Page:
Netflix’s Shadow and Bone is based on a series of books in the fantastical Grishaverse created by author Leigh Bardugo. The show takes characters and storylines from Bardugo’s original Shadow and Bone trilogy as well as her Six of Crows duology, both of which take place in a world where magic exists and the main country, Ravka, is based on Tsarist Russia. (Interested in learning more about the Grishaverse? Check out SYFY WIRE’s explainer here.)
Like any adaptation, the show changes some things from its original source material. Some of these changes are small, while others have a significant impact on the plot, character development, and the world. Read on to learn how the show differs from the books.
First, the usual spoiler warning! We’ve tried to keep spoilers to a minimum, but there are definitely some reveals for the show as well as the books below.
DIFFERENCE #1: THE MAIN CHARACTER, ALINA STARKOV, IS HALF-ASIAN (SHU)
In Bardugo’s Shadow and Bone trilogy, the main character, Alina Starkov, while never explicitly stated, is presumed to be full Ravkan (AKA white). As Bardugo continued to write books in the Grishaverse world, however, she realized she wanted to increase the diversity of her characters, which she did in the Six of Crows duology.
When Bardugo and the Netflix showrunner Eric Heisserer (Arrival) sat down to talk about the new series, however, both agreed that Alina should be half-Shu (or Asian). Making Alina (Jessie Mei Li) half-Shu brings an extra dimension to the character by making her an outsider in Ravka even before she becomes the Sun Summoner.
DIFFERENCE #2: EVENTS FROM SIX OF CROWS ARE MOVED UP TO TAKE PLACE DURING THE TIMELINE OF THE FIRST SHADOW AND BONE BOOK
In the books, the exploits of Kaz Brekker’s (Freddy Carter) gang from Ketterdam take place after the events of the entire Shadow and Bone trilogy. For the show, certain happenings in the Six of Crows duology had to be adapted to take place during the events of the first Shadow and Bone book.
We won’t spoil here how the show interweaves a Six of Crows’ heist tale in with the main storyline in Netflix's Shadow and Bone, but the Crows and Alina do eventually run into each other in the series. Nina (Danielle Galligan) and Matthais (Calahan Skogman), two members of Brekker’s gang in the books, aren’t part of Brekker’s crew this season. It seems likely, however, that the Heartrender and the Fjerdan will join forces with Brekker in seasons to come.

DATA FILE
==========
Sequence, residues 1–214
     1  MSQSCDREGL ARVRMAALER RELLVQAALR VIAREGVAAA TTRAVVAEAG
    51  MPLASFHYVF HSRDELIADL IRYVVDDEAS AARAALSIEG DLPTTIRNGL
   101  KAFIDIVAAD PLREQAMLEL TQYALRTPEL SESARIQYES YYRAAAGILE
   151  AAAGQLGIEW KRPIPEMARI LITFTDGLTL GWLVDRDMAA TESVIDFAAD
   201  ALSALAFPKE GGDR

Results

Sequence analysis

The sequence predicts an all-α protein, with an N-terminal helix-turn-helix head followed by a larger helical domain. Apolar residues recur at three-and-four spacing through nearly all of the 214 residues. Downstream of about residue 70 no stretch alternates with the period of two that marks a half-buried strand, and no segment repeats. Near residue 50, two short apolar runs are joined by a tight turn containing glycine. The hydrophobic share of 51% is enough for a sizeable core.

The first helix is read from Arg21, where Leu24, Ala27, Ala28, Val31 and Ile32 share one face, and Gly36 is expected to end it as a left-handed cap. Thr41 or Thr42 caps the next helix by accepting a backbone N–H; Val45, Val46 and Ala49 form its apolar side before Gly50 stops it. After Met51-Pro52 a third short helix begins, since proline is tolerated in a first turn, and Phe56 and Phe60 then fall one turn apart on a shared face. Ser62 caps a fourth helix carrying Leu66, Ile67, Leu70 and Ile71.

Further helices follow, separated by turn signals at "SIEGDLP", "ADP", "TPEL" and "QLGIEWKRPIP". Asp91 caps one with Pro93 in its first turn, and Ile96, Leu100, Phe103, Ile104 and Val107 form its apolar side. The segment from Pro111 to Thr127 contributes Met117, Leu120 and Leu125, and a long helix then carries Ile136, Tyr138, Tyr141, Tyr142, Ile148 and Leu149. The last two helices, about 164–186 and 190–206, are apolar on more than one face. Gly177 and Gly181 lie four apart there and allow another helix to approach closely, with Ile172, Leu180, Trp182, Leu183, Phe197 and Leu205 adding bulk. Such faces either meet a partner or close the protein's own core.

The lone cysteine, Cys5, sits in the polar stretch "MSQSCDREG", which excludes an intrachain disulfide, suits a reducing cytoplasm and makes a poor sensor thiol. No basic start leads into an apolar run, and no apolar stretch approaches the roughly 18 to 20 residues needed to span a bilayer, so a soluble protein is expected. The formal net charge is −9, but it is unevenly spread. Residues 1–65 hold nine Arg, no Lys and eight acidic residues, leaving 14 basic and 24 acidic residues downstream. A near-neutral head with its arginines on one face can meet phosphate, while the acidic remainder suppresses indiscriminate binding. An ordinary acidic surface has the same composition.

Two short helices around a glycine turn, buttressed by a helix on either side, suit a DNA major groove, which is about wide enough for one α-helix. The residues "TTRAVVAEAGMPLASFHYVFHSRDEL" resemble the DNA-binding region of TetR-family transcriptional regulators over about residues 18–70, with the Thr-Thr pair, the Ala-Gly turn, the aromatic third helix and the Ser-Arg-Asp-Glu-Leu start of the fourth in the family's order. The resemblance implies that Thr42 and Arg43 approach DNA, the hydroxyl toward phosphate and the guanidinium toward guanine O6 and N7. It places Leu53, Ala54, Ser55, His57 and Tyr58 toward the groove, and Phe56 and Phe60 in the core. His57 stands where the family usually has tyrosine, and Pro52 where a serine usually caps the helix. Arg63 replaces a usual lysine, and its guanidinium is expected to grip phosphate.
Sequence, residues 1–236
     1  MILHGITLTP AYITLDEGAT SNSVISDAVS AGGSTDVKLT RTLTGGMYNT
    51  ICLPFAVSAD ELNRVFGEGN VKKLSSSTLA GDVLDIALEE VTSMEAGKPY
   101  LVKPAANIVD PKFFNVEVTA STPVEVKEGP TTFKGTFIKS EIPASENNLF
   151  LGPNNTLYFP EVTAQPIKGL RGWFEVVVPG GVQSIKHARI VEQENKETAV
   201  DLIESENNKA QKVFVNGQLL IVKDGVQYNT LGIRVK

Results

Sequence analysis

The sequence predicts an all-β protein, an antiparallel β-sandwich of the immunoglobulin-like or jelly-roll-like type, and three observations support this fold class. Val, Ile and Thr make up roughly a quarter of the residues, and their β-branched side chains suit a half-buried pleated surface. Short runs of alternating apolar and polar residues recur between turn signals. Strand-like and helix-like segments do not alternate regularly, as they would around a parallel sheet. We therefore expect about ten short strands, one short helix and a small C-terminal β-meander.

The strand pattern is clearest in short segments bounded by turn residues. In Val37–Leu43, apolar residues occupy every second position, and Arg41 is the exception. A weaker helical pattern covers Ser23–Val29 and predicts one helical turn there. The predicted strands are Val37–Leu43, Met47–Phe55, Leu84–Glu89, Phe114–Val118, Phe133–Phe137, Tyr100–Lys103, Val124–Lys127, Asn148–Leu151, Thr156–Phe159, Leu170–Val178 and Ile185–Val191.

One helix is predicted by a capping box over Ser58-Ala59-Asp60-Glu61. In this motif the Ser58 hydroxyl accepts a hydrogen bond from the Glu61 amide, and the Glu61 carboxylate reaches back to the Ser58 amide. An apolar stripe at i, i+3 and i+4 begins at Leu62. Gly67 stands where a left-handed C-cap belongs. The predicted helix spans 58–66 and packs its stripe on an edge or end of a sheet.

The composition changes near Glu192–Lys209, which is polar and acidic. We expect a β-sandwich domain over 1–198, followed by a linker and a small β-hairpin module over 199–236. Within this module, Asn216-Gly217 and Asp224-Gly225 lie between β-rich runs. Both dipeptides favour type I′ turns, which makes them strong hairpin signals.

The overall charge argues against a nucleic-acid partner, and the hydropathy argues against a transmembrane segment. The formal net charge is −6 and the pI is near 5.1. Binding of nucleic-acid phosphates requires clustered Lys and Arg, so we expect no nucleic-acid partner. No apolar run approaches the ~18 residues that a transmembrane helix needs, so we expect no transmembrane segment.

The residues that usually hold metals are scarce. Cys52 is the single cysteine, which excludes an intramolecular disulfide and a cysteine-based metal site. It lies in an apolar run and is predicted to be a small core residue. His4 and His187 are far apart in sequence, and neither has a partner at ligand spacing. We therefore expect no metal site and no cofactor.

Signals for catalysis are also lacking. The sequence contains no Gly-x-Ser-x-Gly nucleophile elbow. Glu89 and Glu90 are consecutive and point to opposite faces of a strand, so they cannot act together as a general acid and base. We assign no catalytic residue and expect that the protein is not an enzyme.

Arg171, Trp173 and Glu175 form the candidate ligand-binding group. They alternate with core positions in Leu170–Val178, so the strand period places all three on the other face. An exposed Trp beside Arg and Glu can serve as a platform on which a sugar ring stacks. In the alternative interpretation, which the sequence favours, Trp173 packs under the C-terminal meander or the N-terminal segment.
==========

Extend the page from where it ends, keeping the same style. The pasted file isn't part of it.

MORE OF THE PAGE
DIFFERENCE #3: WE GET TO SEE THE CREATION OF THE SHADOW FOLD FIRSTHAND
The Shadow and Bone books are told in the first person from Alina’s point of view, which means that things that happened in the past or events that occurred where Alina wasn’t present couldn’t be directly conveyed in the books. The show doesn’t have that restriction, however, and we see a lot more of the Grishaverse world in the series.
One of the most notable events we see firsthand on the show is the creation of The Shadow Fold, a land perpetually covered in darkness and full of murderous, flying monsters called volcra. That chasm was created centuries before Shadow and Bone starts, and has split Ravka in two. That geographical separation as well as the horror that lives inside The Fold plays a crucial part in Alina’s story as well as in the show's geopolitical machinations.
DIFFERENCE #4: WE GET SOME NEW CHARACTERS
Without getting too much into spoiler territory, the show adds some new characters. There’s one person called The Conductor, for example, who plays a crucial role in the first season (to say more would be too spoilery!).
Another addition to the show is also a lovely baby goat named Milo. Granted, Milo’s part in the series (so far, at least!) isn’t as significant as other roles, but he’ll be sure to make you smile every time he’s on-screen.
DIFFERENCE #5: THE DARKLING IS A MORE NUANCED CHARACTER
In the books, the Darkling (Ben Barnes) is pretty much straight-up evil. He’s still pretty evil on the show, but we get to see more of how he became the way he is. His most horrendous action in the first season — growing The Fold to swallow the town of Novokribirsk — is also “backed” by geopolitical concerns and not just (emphasis on the “just” here) a brutal show of power. How the character plays out in future seasons is unclear, but we do have a more direct understanding of why he became so, well, dark.
There are more differences, of course. But these are the bigger changes in the show that those familiar with the books may recognize. The similarities are also too many to mention, and fans of Bardugo’s work will definitely see the Grishaverse they’ve read about come to life on screen.
The first season of Shadow and Bone is currently streaming on Netflix.